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Tool for creating heatmaps, where rows and columns are organized by hierarchical clusters as seen in

Project description

# pydendroheatmap - a plotting tool for making heatmaps with hierarchically clustered data in python.

pydendroheatmap is registered as a package on PyPI, so to install, simply type

pip install pydendroheatmap

To install the package from source, download the repository, unpack and open a command line prompt in the unpackaged directory. Then simply type:

python install

To make a plot, simply import the package, and create a DendroHeatMap object. Data for the heatmap and
dendrogram do not need to be specified at the time of creation, however, if no data is supplied then
the plot for these objects will not be rendered. See example uses below.

The data for the heat map should be either a numpy.ndarray or numpy.matrix object, and the top and left dendrogram
data should be in the form of a (n-1) x 4 linkage matrix used in the scipy hierarchical clustering package.

import pydendroheatmap as pdh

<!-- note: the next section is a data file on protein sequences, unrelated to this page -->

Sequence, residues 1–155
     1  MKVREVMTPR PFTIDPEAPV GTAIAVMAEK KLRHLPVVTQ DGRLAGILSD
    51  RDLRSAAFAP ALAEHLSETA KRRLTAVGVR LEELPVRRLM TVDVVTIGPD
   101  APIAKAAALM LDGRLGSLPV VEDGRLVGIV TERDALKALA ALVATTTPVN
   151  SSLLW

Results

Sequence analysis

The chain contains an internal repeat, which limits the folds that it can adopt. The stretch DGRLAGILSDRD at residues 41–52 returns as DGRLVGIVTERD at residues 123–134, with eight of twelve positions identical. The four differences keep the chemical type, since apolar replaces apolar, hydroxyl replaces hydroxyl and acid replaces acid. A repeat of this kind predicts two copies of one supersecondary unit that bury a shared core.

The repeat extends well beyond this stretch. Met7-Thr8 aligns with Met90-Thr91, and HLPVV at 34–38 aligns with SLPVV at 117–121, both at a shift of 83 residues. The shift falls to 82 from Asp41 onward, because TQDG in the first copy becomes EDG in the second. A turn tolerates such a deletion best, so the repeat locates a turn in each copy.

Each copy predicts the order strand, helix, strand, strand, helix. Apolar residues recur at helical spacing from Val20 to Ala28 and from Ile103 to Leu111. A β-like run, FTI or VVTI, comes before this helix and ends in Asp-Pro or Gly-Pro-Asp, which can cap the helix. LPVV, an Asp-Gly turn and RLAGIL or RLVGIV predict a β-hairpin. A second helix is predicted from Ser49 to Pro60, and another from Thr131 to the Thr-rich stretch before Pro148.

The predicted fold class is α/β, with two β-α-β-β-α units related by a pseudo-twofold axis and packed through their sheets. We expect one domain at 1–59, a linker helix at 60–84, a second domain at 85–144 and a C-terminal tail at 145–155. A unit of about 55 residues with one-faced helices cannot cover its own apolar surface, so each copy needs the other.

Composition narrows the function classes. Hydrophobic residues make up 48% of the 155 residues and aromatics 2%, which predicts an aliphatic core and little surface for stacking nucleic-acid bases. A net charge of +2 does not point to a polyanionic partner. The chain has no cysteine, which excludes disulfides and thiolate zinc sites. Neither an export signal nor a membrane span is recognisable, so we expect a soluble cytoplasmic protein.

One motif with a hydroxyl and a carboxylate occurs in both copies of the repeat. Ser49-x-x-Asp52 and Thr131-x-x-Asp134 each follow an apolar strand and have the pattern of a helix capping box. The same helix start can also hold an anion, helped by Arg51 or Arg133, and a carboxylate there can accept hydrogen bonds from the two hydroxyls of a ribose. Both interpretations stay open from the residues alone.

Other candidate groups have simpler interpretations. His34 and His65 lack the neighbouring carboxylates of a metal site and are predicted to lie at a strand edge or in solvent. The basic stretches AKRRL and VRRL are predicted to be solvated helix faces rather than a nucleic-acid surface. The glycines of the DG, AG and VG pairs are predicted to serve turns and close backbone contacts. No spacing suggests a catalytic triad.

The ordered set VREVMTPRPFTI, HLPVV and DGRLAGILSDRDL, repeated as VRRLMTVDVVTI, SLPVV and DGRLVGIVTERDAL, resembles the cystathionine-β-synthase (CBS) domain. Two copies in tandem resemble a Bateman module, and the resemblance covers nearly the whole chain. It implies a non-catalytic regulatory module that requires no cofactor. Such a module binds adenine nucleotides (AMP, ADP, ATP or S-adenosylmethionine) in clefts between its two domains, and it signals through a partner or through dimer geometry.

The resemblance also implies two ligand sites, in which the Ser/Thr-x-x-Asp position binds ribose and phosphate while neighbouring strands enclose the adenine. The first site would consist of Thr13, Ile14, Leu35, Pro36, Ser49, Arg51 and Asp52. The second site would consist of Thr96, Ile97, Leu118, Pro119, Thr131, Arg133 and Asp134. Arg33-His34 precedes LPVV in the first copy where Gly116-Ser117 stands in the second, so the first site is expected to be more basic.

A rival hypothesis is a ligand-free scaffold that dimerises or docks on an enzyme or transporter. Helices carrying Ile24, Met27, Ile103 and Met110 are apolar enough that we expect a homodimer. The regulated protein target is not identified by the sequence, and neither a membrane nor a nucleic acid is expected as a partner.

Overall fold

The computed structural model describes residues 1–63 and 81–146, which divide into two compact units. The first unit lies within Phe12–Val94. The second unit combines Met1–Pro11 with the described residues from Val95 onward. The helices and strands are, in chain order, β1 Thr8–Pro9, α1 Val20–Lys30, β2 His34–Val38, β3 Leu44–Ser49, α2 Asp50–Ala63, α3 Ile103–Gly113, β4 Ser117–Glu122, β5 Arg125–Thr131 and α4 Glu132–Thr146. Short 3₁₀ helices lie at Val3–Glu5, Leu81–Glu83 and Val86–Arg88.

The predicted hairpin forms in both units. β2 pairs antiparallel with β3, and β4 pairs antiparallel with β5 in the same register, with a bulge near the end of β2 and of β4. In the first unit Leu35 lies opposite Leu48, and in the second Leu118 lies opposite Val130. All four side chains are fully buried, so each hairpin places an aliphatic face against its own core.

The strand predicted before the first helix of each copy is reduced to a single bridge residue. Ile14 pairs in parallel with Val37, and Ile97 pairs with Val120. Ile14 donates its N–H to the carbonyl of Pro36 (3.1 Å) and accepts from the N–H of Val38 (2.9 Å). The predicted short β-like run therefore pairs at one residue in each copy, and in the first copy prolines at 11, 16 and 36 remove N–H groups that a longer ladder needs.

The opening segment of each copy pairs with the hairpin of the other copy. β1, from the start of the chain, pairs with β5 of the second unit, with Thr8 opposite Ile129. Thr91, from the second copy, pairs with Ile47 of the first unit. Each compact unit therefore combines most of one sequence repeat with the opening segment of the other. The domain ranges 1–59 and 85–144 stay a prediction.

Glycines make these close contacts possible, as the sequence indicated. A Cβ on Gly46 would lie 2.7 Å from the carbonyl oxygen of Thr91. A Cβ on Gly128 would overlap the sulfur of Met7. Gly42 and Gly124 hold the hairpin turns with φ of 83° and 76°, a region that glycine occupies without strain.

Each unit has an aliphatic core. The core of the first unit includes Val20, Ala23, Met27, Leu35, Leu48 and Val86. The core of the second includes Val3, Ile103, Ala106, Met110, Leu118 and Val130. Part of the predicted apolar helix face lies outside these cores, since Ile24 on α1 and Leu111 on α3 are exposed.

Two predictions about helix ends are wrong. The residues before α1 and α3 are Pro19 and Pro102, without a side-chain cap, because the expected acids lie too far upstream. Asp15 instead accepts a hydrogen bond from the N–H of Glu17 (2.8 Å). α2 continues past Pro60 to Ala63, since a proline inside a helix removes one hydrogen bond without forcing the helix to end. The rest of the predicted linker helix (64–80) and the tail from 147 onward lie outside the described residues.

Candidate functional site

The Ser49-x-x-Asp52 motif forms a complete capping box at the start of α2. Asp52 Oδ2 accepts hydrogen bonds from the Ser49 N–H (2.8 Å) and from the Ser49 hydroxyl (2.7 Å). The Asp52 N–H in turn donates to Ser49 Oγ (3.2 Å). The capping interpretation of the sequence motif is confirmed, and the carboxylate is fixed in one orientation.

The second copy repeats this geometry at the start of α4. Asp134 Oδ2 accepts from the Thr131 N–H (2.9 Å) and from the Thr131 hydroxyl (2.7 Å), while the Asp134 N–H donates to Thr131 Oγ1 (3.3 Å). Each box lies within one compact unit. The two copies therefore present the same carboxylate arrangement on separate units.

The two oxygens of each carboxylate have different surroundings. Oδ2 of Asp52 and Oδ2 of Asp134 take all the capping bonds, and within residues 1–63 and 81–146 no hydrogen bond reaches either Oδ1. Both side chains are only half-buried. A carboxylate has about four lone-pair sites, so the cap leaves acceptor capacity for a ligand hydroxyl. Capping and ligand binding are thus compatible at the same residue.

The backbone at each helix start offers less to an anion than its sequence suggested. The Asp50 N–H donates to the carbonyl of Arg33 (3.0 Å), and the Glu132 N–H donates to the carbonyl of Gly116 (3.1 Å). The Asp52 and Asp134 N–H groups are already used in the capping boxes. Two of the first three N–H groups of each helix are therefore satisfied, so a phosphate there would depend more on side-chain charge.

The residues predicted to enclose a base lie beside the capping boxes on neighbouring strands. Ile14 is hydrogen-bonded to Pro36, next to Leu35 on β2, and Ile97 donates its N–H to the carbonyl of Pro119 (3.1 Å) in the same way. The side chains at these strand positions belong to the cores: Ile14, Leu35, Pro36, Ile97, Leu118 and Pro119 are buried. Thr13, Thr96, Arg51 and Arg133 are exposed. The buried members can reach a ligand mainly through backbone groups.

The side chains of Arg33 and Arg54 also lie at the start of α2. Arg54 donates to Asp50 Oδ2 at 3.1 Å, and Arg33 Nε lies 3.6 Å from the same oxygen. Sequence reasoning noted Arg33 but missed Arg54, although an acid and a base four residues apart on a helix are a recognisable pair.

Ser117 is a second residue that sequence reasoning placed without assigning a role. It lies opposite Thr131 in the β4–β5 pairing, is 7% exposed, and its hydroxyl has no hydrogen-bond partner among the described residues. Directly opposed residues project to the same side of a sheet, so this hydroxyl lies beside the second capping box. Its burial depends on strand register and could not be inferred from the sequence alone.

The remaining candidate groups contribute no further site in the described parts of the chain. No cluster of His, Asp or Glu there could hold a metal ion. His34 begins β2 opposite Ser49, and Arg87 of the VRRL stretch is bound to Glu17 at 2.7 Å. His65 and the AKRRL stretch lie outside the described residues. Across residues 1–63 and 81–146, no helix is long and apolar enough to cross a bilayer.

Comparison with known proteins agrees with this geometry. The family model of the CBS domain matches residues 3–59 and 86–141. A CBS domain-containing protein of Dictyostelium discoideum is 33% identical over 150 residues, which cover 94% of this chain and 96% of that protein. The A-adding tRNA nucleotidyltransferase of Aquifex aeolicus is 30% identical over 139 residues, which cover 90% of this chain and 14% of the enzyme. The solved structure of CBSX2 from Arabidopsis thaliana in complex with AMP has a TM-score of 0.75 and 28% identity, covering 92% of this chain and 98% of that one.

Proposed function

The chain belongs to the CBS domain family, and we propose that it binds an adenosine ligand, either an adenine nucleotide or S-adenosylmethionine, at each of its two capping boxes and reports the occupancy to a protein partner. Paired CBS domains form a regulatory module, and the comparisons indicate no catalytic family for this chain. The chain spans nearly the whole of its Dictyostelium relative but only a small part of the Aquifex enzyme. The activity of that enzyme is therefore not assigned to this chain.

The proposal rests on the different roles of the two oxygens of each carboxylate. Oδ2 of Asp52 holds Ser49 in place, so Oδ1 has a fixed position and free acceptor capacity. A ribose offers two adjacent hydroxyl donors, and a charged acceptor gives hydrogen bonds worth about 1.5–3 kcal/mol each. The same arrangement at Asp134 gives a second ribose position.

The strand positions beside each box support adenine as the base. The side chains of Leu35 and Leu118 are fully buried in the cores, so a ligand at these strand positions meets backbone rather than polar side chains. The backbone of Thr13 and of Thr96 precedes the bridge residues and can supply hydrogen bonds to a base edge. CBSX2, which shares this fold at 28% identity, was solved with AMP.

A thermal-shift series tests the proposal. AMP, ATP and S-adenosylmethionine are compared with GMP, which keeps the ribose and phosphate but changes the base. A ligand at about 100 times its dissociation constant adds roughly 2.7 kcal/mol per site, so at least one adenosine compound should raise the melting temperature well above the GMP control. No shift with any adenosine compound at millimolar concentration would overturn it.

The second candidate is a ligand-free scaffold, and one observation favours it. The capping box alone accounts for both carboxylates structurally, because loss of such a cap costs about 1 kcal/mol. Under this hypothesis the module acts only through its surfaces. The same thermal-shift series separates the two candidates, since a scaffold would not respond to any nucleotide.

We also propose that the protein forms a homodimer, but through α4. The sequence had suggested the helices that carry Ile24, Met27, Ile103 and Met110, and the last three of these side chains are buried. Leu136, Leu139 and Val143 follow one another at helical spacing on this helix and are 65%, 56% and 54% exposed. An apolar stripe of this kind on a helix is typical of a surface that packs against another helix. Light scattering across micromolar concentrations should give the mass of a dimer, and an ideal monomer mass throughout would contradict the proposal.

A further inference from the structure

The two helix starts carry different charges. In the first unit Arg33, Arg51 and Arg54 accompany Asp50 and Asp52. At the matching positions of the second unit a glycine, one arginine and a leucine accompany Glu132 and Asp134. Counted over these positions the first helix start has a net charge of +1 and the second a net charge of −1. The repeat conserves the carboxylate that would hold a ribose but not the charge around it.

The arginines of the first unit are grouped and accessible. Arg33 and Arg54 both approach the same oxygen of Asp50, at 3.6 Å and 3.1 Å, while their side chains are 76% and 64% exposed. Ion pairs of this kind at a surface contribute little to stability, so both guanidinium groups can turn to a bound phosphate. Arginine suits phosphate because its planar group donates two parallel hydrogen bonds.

try: import cPickle as pickle
except: import pickle

heatmap_array = pickle.load(open('some_data_file.pickle'))#a numpy.ndarray or numpy.matrix, for this example, let's say mxn array
top_dendrogram = pickle.load(open('another_data_file.pickle'))#a (n-1) x 4 array
side_dendrogram = pickle.load(open('a_third_data_file.pickle'))#a (m-1) x 4 array

heatmap = pdh.DendroHeatMap(heat_map_data=heatmap_array, left_dendrogram=side_dendrogram, top_dendrogram=top_dendrogram)
heatmap.title = 'This is an example'

heatmap.colormap = heatmap.yellowBlackBlue

heatmap.row_labels = ['some', 'row','labels'] #must have the same number of rows in heat_map_data


#excellent, let's export it


To see a built-in example, run these commands in the python interpreter:

from pydendroheatmap import example

The example should make a plot that will look similar to this:

![Example Image](

The DendroHeatMap object's `render_plot()` function will generate a heat plot, similar in fashion to the one found here:

Each time the DendroHeatMap object's `show()`, `export()`, and `render_plot()` functions are called,
the plot will be reset and any changes that have been made to the plot's instance variables should be taken into account
in the new plot.

A special thanks to [Nathan Salomonis]( for posting the
original example and figuring out much of the parameters for getting the plots in the correct position!

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